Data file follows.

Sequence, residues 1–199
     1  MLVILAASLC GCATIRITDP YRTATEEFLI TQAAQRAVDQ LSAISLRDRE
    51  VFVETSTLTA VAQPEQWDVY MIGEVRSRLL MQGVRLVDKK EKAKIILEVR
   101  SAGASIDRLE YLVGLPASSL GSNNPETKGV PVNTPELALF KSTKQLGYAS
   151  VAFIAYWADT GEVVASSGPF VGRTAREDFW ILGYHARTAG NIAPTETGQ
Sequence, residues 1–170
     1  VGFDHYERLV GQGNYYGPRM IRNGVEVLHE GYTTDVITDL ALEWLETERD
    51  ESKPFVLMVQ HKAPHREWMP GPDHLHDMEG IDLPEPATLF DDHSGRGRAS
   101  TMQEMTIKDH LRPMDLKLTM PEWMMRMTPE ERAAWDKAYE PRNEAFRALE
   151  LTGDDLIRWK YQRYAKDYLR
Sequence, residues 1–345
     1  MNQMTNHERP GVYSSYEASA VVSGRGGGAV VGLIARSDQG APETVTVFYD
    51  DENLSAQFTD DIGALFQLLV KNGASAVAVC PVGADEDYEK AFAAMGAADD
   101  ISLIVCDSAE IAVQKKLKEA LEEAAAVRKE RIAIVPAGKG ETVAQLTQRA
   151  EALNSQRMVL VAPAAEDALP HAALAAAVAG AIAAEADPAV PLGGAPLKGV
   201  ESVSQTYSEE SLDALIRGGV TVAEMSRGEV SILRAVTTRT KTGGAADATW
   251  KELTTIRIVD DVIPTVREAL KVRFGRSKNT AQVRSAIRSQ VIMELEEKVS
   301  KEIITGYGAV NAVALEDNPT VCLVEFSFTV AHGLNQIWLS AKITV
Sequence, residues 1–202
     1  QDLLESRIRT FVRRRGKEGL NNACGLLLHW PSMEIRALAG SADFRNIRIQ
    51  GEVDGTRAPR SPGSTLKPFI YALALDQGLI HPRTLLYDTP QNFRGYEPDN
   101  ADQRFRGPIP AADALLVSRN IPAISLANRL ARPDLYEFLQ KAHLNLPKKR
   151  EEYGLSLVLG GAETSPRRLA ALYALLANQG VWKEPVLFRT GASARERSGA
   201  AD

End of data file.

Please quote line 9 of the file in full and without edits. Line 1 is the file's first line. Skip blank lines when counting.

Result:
   101  TMQEMTIKDH LRPMDLKLTM PEWMMRMTPE ERAAWDKAYE PRNEAFRALE